Monday, July 20, 2009

Music Monday-Rich Mullins

Rich MullinsImage via Wikipedia

When I was in my 20's, I was very involved in the Christian faith, in particular Baptist churches. I did all of the things that good baptists were supposed to do; Sunday school & service on Sunday morning, Sunday evening service, and Wednesday prayer service. With one group of friends, I attended a weekend event called "Creation" which I affectionately refer to as "Woodstock for Christians."

I first became aware of Rich Mullins as a songwriter, not as an artist. The first song that I ever heard that was written by Rich was "Sing Your Praise to the Lord" when it was released by Amy Grant. Next, Michael W. Smith released his version of "Awesome God." I was in California on business, and feeling sorry for myself and in need of some comfort, so I went to a Christian bookstore and bought my first two Rich Mullins albums, "Songs" a greatest hits compilation, and " The Jesus Record."

I so not want to cast aspersions on the motives or spirituality of other artists in the Contemporary Christian Music genre. However, Rich Mullins was a unique individual. In his field, Rich Mullins was very successful, both as an artist and a songwriter. He could have led a comfortable, if not wealthy lifestyle. Instead, all of his royalties went to his church, and he had them pay him a salary equal to the salary of the average worker, the rest to charity. At the time of his death, he was living on a Navajo reservation teaching music to children.

The reasons that I am no longer active in the church are many. Some of them due to my own frailty as a human being. Some due to some bad experiences that I had within the church. At the time I left the church, I often felt that Jesus himself might not be comfortable in today's church, especially not in the big mega churches. Don't get me wrong, there are a great many sincere and caring Christians within those churches and I greatly admire their faith. Sometimes I wonder if Rich Mullins felt the same way. In a concert that was recorded shortly before his death, Rich says the following:
Jesus said whatever you do to the least of these my brothers you’ve done it to me. And this is what I’ve come to think. That if I want to identify fully with Jesus Christ, who I claim to be my savior and Lord, the best way that I can do that is to identify with the poor. This I know will go against the teachings of all the popular evangelical preachers. But they’re just wrong. They’re not bad, they’re just wrong. Christianity is not about building an absolutely secure little niche in the world where you can live with your perfect little wife and your perfect little children in a beautiful little house where you have no gays or minority groups anywhere near you. Christianity is about learning to love like Jesus loved and Jesus loved the poor and Jesus loved the broken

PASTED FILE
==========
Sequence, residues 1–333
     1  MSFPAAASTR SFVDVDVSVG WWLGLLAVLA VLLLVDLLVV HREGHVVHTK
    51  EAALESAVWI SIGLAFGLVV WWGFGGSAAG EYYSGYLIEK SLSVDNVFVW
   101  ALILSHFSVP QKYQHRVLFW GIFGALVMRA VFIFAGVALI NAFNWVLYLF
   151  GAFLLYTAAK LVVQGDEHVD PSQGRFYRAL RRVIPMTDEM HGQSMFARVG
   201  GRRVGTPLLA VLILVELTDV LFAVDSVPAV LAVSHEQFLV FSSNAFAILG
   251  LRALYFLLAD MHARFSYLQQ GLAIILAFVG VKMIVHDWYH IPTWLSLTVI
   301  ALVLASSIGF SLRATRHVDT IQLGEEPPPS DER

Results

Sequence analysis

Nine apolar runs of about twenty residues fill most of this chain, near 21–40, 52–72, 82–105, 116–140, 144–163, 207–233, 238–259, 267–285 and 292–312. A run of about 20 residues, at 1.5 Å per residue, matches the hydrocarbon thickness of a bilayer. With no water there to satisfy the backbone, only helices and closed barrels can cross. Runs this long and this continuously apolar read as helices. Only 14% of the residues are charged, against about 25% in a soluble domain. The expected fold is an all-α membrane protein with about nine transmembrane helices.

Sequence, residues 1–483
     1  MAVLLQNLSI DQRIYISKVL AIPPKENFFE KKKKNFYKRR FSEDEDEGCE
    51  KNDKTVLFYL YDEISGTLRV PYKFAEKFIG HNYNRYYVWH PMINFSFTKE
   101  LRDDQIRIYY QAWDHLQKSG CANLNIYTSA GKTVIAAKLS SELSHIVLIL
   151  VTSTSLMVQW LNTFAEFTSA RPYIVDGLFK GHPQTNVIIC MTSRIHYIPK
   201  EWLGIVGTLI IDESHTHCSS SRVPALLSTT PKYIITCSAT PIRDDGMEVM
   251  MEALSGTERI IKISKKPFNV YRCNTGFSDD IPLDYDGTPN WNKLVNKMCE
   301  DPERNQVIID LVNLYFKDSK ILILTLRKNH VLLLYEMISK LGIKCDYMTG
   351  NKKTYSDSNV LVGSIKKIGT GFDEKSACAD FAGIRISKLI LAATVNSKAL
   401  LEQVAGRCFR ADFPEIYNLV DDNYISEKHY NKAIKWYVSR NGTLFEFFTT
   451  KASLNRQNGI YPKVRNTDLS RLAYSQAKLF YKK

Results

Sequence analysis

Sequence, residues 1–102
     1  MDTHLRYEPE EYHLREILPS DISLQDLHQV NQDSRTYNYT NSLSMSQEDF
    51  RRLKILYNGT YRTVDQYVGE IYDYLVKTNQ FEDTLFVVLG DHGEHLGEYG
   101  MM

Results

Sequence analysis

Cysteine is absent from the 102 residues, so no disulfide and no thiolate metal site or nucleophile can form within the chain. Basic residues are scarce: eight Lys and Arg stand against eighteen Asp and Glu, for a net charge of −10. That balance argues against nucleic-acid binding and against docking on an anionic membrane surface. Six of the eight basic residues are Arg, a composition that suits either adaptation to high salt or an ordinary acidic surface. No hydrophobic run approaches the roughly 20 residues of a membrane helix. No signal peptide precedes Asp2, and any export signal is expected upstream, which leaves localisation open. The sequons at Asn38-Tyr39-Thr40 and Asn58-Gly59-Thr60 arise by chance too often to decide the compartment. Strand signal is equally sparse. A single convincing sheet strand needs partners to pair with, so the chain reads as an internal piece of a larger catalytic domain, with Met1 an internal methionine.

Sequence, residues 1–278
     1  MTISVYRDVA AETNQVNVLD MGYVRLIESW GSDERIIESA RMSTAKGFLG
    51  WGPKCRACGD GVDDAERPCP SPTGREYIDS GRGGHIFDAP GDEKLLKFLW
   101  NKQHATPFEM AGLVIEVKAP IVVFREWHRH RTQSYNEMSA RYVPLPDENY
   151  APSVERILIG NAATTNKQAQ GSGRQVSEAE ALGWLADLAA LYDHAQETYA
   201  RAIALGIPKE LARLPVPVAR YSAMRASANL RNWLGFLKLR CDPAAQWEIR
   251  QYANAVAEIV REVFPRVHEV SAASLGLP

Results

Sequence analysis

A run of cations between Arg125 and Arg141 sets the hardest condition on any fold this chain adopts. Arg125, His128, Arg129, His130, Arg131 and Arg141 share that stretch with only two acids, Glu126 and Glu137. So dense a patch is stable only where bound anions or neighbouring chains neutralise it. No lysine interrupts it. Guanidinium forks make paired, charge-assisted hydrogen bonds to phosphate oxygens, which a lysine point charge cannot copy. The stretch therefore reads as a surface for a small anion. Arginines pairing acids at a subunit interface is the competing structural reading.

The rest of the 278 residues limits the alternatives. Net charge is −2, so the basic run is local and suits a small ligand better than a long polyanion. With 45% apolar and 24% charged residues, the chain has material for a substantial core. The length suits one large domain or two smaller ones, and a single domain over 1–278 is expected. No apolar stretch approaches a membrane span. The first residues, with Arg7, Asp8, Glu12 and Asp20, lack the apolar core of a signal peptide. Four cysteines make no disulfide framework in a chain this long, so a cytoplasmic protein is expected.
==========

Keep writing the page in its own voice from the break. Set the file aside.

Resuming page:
My blogging buddy Mike Golch at Rambling Stuff features a lot of hammered dulcimer music on his blog. Rich Mullins incorporated the hammered dulcimer in a lot of his songs. The first song that I want to feature is "Calling Out Your Name." The hammered dulcimer is featured prominently in this song, especially in the intro, plus they lyrics are very poetic and beautiful.

The second song I want to add is "Hold Me Jesus." This is a song that I always seem to gravitate to when things in my life get hectic and crazy and I need to feel comfort. Rich Mullins described it as a prayer that he wrote when temptation nearly got the better of him.

Come join Music Monday and share your songs with us. One simple rule, leave ONLY the actual post link here. You can grab this code at LJL Please note these links are STRICTLY for Music Monday participants only. All others will be deleted without prejudice.

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  1. Nice post! I enjoyed it a lot.

  2. What a terrific post! I have heard Rich Mullins songs and knew a little about his life, but not much about his "philosophy" until now. And I'm glad to hear the song Hold Me Jesus again. :)

    God bless you!

  3. Thanks Rebecca, glad you enjoyed it



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